Happy 50th Anniversary of the Wilderness Act

On September 3rd, 1964, President Lyndon B. Johnson signed into law the Wilderness Act establishing the National Wilderness Preservation System protecting federally designated wilderness areas. Wilderness areas distinguish themselves from other protected lands due to the way in which they are managed. The Wilderness Act defines these protected landscapes in saying,  “a wilderness, in contrast with those areas where man and his own works dominate the landscape, is hereby recognized as an area where the earth and its community of life are untrammeled by man, where man himself is a visitor who does not remain.” From this poetic definition, wilderness areas are identified as the wildest places amongst those protected by the federal government.

Within the State of Colorado there are 43 different designated wilderness areas which cover more than 5% of the state’s total area. This includes nine within two hours of Estes Park: the Rawah Wilderness, Cache la Poudre Wilderness, Comanche Peaks Wilderness, Rocky Mountain National Park Wilderness, Never Summers Wilderness, Indian Peaks Wilderness, James Peak Wilderness, Vasquez Peak Wilderness, and Byers Peak Wilderness.

In recognition of the upcoming 50th anniversary of the Wilderness Act, Rocky Mountain Conservancy –Conservation Corps was selected to participate in the Fifty for 50 Campaign. This campaign is a nationwide celebration of preservation work done in wilderness areas in honor of the Wilderness Act. Rocky Mountain Conservancy – Conservation Corps crews work in several of the above listed Wilderness areas, namely the Rawah, Comanche Peaks, Rocky Mountain National Park, and Indian Peaks Wilderness Areas.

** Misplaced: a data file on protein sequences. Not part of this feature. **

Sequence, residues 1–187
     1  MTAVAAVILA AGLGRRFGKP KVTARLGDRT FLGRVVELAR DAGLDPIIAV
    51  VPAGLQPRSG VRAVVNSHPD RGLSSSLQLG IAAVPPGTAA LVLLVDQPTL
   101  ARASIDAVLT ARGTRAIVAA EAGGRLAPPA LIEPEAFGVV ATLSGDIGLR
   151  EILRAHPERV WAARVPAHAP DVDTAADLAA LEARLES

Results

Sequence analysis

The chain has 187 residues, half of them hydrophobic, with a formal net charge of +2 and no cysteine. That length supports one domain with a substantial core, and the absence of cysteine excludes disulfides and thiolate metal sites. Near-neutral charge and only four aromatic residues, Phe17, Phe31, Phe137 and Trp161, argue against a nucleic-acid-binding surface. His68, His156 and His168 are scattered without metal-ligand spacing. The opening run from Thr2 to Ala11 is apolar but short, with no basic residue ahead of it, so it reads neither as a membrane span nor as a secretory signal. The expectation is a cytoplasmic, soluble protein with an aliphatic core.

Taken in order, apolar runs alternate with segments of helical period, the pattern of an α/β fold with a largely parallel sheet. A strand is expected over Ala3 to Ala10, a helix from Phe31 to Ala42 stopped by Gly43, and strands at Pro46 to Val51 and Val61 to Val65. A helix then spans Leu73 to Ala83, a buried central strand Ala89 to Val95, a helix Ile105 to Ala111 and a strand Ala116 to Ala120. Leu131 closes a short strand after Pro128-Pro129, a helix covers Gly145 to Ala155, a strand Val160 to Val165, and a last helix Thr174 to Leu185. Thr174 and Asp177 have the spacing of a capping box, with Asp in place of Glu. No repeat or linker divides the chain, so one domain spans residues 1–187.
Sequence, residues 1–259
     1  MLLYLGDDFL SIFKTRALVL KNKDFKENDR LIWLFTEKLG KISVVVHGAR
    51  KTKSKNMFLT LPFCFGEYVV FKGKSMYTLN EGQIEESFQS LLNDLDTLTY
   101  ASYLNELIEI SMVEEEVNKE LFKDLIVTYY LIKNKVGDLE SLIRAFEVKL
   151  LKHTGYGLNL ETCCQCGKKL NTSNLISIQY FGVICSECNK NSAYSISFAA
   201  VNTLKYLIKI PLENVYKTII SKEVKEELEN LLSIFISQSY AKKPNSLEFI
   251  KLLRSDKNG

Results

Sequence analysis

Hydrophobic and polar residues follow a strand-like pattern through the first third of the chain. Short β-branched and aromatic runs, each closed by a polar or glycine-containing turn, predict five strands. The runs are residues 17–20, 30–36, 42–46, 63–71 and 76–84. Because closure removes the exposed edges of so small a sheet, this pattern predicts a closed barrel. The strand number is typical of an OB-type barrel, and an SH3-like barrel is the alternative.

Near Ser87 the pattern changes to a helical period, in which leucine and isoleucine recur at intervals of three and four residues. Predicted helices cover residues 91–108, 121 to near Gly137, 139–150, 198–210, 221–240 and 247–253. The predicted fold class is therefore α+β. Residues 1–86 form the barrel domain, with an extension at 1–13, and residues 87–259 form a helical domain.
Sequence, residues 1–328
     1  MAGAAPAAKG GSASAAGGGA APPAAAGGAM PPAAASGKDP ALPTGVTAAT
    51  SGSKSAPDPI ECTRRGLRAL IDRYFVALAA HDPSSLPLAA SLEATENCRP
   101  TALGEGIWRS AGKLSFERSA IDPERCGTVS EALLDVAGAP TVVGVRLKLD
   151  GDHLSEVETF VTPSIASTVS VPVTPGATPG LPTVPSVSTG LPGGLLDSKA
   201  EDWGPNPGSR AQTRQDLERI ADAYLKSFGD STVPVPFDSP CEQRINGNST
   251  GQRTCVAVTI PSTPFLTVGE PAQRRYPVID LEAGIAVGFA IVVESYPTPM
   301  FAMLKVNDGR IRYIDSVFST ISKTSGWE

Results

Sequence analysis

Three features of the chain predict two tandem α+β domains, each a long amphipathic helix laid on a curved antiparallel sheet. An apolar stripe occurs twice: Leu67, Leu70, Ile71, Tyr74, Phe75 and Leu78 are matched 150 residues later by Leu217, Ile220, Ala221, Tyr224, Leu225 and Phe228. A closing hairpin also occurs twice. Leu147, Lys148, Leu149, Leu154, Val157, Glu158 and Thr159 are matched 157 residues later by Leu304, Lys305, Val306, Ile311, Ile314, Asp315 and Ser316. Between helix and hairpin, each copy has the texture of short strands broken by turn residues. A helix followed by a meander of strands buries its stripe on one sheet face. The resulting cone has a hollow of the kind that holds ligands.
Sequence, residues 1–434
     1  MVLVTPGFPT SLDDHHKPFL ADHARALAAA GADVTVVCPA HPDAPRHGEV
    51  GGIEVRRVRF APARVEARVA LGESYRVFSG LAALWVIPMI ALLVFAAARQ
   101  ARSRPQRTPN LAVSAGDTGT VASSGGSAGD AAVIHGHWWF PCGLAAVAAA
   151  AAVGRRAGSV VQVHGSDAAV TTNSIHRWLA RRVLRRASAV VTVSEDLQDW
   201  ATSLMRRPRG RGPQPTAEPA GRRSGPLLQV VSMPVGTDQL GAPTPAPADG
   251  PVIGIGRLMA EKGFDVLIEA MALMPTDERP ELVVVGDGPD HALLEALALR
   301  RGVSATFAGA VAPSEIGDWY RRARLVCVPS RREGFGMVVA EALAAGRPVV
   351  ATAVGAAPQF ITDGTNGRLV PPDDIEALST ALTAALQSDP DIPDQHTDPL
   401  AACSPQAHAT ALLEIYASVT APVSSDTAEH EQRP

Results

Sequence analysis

Rocky Mountain Conservancy – Conservation Corps crews patrolled the backcountry to insure visitor were practicing leave no trace, constructed reroutes to move trails away from ecologically sensitive areas, restored backcountry campsites by disassembling extraneous fire rings and packing out trash, built erosion control structures such as log steps on steep slopes and turnpikes through riparian areas, and completed maintenance runs on trails – which include clearing downed logs from the trail, digging drainages to prevent erosion, maintaining trail corridor, brushing over social trails, and retreading damaged trail. By the end of the season, the crews maintained over 270 miles of trail, completed more than 600 log outs, reopened several miles of trail damaged by the flood, restored backcountry campsites, and much more.

Along with completing this work, Rocky Mountain Conservancy – Conservation Corps sponsors thirty-six young people for a summer long internship with the goal of creating the next generation of stewards through connecting these youth to the land through conservation work. If you are interested in learning more about Rocky Mountain Conservancy or the Conservation Corps Program, please visit www.RMConservancy.org or call 970-586-3262.

Two forest workers use tools to clear a fallen tree across a muddy path
Shadow Mountain Crew working in the Indian Peaks Wilderness
A woman in outdoor clothing kneels while sawing a fallen tree
Rawah Wilderness Crew bucking out trees on the Rawah Trail
Three hikers with backpacks and helmets standing on a mountain
Shadow Mountain Crew patrolling the Byers Peak Wilderness
Volunteers clearing debris from a small, rocky stream
Boulder Crew repairing a stream crossing in the Indian Peaks Wilderness


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